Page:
Towards the end of Phase 2, POs had increasingly clearer and more concrete agenda. These were included either in the PO's own annual plan or in the barangay development plan (prepared by the barangay development council). In the latter case, there were many instances when the PO actually took the lead in mobilizing volunteer workers and other resources for the barangay project even if the barangay council was nominally in charge.

While some of these plans still have the ubiquitous basketball courts and barangay halls (projects that to some outsiders may seem frivolous even if the rural people see them differently - to them, the basketball court is also a drying pavement, the barangay hall is also a warehouse), new items are increasingly being included in the plans: phased construction of potable water supply systems (because the barangay budget is oftentimes not enough to finish the whole system in just one go), budget for maintenance and expansion of such systems, seedling nurseries, technical and value-reorientation trainings, radio handsets for communication, day-care centers, books and periodicals, etc.

In the policy or legislative front, a number of PO concerns have been addressed through local ordinances. These included measures to protect SALT farms from stray animals and recurrent bush fire, guidelines on the use of potable water supply systems, adoption of IPM practices (no burning of rice straws, communal gathering of golden apple snail, etc.), delineation of fish sanctuaries and critical microwatersheds, creation of neighborhood watch-groups against domestic violence, etc.

PO agenda remain mainly agricultural in focus but it is encouraging to note that other sectoral concerns are beginning to be given attention. The narrow focus on agriculture in the past marginalized the landless and the women. In the case of the landless, particularly, it took a special project (1996-97) catering expressly to their needs to get them to join and/or become more active in the PO. The fresh enthusiasm of the landless did revive a number of moribund organizations. In the case of women, PRAGEN (participatory rural appraisal and gender) approaches were introduced to focus attention on their particular concerns.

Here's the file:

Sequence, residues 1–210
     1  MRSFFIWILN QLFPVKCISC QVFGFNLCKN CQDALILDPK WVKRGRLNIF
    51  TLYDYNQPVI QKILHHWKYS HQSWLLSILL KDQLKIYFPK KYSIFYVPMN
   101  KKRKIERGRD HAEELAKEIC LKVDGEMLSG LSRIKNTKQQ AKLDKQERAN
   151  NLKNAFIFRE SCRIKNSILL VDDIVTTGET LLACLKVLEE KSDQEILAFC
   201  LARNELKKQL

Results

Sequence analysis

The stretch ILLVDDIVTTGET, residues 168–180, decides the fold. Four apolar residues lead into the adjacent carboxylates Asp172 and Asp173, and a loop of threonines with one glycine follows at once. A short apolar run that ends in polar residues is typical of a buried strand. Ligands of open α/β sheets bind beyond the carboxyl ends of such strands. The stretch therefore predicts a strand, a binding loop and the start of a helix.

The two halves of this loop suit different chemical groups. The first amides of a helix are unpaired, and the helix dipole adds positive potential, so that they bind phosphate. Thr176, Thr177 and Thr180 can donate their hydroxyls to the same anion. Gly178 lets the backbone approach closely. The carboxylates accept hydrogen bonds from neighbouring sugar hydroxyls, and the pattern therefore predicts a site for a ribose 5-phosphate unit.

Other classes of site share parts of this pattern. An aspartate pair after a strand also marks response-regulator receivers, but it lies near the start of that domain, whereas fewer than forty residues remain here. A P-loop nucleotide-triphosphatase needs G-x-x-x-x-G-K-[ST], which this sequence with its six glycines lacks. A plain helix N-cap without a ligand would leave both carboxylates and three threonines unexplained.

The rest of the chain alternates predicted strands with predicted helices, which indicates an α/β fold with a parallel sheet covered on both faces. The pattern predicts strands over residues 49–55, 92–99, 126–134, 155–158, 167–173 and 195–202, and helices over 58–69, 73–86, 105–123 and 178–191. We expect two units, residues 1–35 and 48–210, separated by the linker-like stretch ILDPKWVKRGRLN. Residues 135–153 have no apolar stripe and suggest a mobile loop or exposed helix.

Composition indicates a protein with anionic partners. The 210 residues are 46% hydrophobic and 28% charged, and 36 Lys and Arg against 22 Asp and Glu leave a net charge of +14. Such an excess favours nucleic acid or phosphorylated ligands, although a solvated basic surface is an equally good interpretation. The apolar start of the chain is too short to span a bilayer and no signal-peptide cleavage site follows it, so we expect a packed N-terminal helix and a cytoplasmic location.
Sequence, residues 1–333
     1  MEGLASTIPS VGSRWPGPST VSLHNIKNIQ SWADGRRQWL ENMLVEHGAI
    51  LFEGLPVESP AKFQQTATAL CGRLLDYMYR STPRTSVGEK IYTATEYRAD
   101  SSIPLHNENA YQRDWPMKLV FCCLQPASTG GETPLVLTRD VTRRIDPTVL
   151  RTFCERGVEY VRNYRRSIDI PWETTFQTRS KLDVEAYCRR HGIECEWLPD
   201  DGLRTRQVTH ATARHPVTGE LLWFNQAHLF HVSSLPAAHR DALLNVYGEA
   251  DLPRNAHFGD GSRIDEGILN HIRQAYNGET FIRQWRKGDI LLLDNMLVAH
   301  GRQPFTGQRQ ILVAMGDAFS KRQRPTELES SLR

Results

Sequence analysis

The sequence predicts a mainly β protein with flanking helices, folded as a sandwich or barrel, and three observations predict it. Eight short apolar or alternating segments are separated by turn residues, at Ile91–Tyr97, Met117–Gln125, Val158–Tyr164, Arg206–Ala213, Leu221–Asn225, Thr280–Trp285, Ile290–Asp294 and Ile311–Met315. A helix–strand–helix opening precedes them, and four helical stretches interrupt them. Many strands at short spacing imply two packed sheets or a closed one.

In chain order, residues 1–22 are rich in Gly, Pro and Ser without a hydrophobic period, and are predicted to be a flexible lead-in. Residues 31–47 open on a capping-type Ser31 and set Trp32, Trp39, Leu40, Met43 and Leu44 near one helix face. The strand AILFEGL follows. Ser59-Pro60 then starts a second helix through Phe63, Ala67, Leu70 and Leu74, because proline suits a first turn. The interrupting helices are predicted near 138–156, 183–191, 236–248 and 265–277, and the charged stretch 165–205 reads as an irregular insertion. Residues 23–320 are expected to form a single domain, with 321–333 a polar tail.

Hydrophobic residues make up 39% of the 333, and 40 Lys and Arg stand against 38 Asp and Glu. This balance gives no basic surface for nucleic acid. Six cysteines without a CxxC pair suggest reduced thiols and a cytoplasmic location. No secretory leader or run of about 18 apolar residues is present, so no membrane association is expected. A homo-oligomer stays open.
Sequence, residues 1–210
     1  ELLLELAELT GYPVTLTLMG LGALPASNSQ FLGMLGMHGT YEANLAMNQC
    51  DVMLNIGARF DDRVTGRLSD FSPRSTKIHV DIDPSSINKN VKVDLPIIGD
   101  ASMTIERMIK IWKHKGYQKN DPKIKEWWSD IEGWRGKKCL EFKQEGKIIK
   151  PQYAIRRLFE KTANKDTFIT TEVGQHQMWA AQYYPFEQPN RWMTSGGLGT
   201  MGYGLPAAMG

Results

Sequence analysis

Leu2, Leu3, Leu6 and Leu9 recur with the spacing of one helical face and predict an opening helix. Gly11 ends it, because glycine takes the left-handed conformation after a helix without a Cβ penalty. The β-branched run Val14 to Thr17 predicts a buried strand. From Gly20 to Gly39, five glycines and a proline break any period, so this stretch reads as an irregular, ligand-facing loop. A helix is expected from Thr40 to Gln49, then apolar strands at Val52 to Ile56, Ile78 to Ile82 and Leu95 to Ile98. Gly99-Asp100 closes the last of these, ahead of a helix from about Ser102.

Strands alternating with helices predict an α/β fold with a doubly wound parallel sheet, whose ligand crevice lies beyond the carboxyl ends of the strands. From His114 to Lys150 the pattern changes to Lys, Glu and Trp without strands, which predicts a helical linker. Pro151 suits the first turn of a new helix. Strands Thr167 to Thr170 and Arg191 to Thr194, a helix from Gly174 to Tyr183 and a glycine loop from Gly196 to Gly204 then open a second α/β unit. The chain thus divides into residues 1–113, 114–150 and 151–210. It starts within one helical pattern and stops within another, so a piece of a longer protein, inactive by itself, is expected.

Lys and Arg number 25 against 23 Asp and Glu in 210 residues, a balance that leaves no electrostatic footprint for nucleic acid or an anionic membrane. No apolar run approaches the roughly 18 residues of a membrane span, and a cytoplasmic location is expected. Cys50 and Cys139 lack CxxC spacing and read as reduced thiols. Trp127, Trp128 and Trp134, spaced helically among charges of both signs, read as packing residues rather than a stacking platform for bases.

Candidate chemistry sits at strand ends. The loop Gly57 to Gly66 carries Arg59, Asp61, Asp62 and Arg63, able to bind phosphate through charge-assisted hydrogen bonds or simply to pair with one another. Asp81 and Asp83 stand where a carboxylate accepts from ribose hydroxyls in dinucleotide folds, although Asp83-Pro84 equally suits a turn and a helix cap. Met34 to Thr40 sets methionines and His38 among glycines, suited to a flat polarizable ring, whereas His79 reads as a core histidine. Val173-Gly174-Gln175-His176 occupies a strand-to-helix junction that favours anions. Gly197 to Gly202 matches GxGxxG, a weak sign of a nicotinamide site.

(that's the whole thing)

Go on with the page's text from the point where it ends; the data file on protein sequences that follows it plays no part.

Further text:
The increased participation of PO members in barangay development planning (and at the municipal level in some cases) and interlocking PO and barangay officialdom may have a downside in that the distinction between PO agenda setting and barangay planning has become blurred. Some POs, in fact, do not bother anymore to go through the motions of annual planning.

The elaborate written PO annual plan may indeed be of fading interest to some POs but it is heartening to note that the process of situational analysis, problem and opportunity identification, goal setting, and action planning is still being applied in other settings by PO members who have been trained and are experienced in it.

 

Claims on GO and NGO services

 

PO confidence in their claim-making ability markedly increased in Phase 2. This is evident in the number of projects independently sourced out and in the counterpart contributions mobilized for ANIAD-assisted projects.

POs have also been able to get government technicians and health workers assigned to their barangay and to visit their barangay on a more regular basis.

POs have also been known to complain directly to NGO managers regarding the quality of intervention and the length (or, more correctly, shortness) of stay of NGO field workers in their area of assignment. In two cases they even asked for the relief of the NGO worker assigned to their barangay.

But, beyond this, POs have not been able to define what assistance they really need from NGOs, this despite the POs having their annual plan. PO requests thus tended to be on a case to case basis, as were the NGO responses.